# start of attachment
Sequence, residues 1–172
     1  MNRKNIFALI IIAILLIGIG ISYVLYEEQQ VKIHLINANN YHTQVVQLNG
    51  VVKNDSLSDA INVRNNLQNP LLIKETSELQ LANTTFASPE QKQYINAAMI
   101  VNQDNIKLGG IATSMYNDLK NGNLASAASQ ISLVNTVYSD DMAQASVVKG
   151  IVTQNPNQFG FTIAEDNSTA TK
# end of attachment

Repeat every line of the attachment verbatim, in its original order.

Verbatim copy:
Sequence, residues 1–172
     1  MNRKNIFALI IIAILLIGIG ISYVLYEEQQ VKIHLINANN YHTQVVQLNG
    51  VVKNDSLSDA INVRNNLQNP LLIKETSELQ LANTTFASPE QKQYINAAMI
   101  VNQDNIKLGG IATSMYNDLK NGNLASAASQ ISLVNTVYSD DMAQASVVKG
   151  IVTQNPNQFG FTIAEDNSTA TK